Memory appears susceptible to eradication of fear responses

Fear responses can only be erased when people learn something new while retrieving the fear memory. This is the conclusion of a study conducted by scientists from the University of Amsterdam (UvA) and published in the leading journal Science.

Researchers Dieuwke Sevenster MSc, Dr Tom Beckers and Prof. Merel Kindt have developed a method to determine whether an acquired is susceptible to modification. By doing so, they have revealed the circumstances under which an acquired fear response can be eradicated. In order to measure whether a person actually learnt something new, the researchers used a measure for Prediction Error – in other words, the discrepancy between a person's anticipation of what is going to happen and what actually happens.

No fear response

is currently the most common and effective type of treatment for people suffering from anxiety disorders. However, the effects are often short-lived and the fear returns in many patients. One major finding of Van Kindt's research lab is that when participants were given , a beta blocker, while retrieving a specific , the acquired fear response was shown to be totally erased a day or month later. The researchers repeatedly found that the fear did not come back, despite the use of techniques specifically aimed to make it return. This indicates that the fear memory was either fully eradicated, or could no longer be accessed. One crucial finding was that while participants could still remember the association with the fear, that particular memory no longer triggered the former fear response.

Fear conditioning

For their study the researchers used a fear conditioning procedure in which a specific picture was followed by a nasty painful stimulus. While the participants viewed the pictures, the researchers measured the anticipation of the painful stimulus as well as the more autonomous fear response on the basis of the startle .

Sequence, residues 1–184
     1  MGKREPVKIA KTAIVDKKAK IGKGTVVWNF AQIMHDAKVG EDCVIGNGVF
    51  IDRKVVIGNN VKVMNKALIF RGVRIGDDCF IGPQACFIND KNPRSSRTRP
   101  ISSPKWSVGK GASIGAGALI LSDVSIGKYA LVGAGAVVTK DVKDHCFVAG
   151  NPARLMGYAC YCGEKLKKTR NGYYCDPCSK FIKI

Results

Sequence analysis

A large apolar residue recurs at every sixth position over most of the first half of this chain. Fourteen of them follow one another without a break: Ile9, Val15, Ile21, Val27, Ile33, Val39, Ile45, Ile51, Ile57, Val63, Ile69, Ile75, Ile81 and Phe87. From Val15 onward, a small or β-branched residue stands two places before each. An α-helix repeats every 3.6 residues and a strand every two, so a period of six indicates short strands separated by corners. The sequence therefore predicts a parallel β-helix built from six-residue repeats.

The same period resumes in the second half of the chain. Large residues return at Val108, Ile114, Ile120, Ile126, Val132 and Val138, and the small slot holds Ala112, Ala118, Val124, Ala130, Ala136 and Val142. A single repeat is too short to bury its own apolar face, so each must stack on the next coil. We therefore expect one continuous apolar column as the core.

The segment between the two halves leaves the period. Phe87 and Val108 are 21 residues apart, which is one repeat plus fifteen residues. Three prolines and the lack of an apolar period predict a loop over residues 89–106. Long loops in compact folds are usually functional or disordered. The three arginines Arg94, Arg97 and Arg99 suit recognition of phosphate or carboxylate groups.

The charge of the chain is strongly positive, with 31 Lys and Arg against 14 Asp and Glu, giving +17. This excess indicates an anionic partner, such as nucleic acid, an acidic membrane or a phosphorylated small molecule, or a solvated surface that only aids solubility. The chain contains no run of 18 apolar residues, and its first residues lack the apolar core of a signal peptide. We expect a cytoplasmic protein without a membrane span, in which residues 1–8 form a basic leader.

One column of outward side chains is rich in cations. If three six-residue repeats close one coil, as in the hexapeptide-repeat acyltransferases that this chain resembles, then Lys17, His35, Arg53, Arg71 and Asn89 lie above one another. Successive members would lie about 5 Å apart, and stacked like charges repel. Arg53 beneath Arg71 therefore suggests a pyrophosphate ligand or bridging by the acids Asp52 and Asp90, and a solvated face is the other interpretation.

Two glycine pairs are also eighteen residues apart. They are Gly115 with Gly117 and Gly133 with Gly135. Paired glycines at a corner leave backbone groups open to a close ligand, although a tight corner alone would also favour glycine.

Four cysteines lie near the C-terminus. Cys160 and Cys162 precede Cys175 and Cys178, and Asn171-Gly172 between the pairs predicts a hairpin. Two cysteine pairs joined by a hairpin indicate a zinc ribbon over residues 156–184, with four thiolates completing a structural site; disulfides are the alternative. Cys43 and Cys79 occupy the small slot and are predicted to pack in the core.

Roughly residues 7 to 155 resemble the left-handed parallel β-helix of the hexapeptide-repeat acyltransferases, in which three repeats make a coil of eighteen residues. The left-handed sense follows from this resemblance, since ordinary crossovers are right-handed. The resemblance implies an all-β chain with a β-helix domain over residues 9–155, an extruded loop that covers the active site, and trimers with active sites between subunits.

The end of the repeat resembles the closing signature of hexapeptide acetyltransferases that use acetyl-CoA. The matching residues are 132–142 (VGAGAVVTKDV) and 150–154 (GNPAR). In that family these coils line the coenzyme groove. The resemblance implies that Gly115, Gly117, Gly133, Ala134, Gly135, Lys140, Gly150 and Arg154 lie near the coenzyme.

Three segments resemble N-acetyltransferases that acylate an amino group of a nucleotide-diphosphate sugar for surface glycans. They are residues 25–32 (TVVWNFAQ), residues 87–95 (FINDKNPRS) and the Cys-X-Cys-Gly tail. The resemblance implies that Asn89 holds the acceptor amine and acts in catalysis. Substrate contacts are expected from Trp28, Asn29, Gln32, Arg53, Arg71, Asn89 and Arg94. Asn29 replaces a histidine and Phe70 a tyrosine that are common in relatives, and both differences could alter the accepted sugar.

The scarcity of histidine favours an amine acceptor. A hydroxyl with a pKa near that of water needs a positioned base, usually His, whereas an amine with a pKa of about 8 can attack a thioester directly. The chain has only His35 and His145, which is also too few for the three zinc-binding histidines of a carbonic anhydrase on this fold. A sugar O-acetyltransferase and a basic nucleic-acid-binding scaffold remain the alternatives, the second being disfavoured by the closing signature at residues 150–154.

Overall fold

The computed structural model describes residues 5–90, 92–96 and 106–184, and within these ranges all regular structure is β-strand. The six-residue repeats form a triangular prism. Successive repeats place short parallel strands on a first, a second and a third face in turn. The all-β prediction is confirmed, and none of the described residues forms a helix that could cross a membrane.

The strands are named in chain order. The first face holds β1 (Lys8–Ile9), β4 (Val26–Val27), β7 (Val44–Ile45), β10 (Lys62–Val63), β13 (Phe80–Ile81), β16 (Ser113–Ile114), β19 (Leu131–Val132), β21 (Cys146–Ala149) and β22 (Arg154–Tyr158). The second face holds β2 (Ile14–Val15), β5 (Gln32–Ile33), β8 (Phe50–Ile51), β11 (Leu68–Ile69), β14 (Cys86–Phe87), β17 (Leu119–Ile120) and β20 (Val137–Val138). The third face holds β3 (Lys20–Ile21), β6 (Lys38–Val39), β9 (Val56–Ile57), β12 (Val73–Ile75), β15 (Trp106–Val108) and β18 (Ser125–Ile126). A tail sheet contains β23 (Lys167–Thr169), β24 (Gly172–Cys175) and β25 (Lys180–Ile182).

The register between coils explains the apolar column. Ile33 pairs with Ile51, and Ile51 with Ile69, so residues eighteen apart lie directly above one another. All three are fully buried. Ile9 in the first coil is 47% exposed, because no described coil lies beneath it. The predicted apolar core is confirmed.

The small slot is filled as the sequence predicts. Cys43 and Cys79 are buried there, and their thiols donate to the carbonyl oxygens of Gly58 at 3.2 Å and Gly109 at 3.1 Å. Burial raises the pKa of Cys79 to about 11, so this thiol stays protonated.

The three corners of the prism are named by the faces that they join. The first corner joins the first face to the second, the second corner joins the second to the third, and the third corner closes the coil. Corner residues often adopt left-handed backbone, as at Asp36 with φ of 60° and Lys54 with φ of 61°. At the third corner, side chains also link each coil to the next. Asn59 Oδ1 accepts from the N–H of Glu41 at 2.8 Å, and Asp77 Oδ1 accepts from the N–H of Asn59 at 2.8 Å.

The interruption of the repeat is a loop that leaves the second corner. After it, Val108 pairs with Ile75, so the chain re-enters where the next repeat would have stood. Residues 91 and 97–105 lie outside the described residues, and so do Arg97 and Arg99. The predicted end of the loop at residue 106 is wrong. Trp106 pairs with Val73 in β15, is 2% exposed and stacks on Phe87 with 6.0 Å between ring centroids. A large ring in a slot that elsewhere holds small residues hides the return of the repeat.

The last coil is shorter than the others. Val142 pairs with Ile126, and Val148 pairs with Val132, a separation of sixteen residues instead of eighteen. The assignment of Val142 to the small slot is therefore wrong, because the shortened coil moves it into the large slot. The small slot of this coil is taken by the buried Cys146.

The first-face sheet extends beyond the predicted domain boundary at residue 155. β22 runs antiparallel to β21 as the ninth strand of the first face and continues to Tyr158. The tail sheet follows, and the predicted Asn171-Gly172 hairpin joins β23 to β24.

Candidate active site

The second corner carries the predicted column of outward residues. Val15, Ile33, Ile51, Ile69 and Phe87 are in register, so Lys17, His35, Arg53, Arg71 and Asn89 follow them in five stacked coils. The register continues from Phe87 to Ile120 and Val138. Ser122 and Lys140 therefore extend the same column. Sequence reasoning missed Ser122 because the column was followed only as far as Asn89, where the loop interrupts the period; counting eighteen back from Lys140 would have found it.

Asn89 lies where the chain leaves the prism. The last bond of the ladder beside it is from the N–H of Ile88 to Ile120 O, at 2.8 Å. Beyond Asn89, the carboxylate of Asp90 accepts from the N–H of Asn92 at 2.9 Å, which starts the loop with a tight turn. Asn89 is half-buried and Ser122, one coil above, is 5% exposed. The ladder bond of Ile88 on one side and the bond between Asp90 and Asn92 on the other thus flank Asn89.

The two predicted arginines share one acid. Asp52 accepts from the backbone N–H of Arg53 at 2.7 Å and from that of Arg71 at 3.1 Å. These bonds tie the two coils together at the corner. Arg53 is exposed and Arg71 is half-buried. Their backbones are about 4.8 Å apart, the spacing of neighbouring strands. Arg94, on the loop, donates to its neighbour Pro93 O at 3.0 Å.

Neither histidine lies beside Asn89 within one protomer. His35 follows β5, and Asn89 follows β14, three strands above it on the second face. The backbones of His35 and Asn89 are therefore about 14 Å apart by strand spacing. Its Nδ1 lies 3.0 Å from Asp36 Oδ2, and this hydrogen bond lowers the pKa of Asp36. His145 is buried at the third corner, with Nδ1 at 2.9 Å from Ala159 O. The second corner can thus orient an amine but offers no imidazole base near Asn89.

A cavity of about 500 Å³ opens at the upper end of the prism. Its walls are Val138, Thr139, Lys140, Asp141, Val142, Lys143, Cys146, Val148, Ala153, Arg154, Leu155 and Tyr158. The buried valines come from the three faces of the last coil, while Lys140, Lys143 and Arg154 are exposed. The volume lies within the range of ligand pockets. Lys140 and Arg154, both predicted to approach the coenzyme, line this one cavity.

The current findings will contribute to the further development of more effective and efficient therapies for patients suffering from excessive , such as trauma victims. There was no independent measure to indicate whether the memory is susceptible to modification up until now. The researchers have shown that the fear response can be eradicated completely, provided that the person concerned actually learns something new while retrieving the fear memory.

More information: www.sciencemag.org/content/339/6121/830.full

Related Stories

Scientists erase fear from the brain

Sep 20, 2012

Newly formed emotional memories can be erased from the human brain. This is shown by researchers from Uppsala University in a new study now being published by the academic journal Science. The findings may represent a brea ...

Researchers use computational models to study fear

Sep 30, 2009

The brain is a complex system made of billions of neurons and thousands of connections that relate to every human feeling, including one of the strongest emotions, fear. Most neurological fear studies have been rooted in ...

Recommended for you

What sign language teaches us about the brain

9 hours ago

The world's leading humanoid robot, ASIMO, has recently learnt sign language. The news of this breakthrough came just as I completed Level 1 of British Sign Language (I dare say it took me longer to master signing ...

Why do men prefer nice women?

9 hours ago

People's emotional reactions and desires in initial romantic encounters determine the fate of a potential relationship. Responsiveness may be one of those initial "sparks" necessary to fuel sexual desire and land a second ...

Study reveals how to be socially successful

10 hours ago

Romantic, personal and professional relationships are fraught with danger, but a University of Queensland researcher has found the secret to interacting successfully with others in such settings.

User comments

Adjust slider to filter visible comments by rank

Display comments: newest first

Tausch
1 / 5 (1) Feb 18, 2013
Eliminate touch.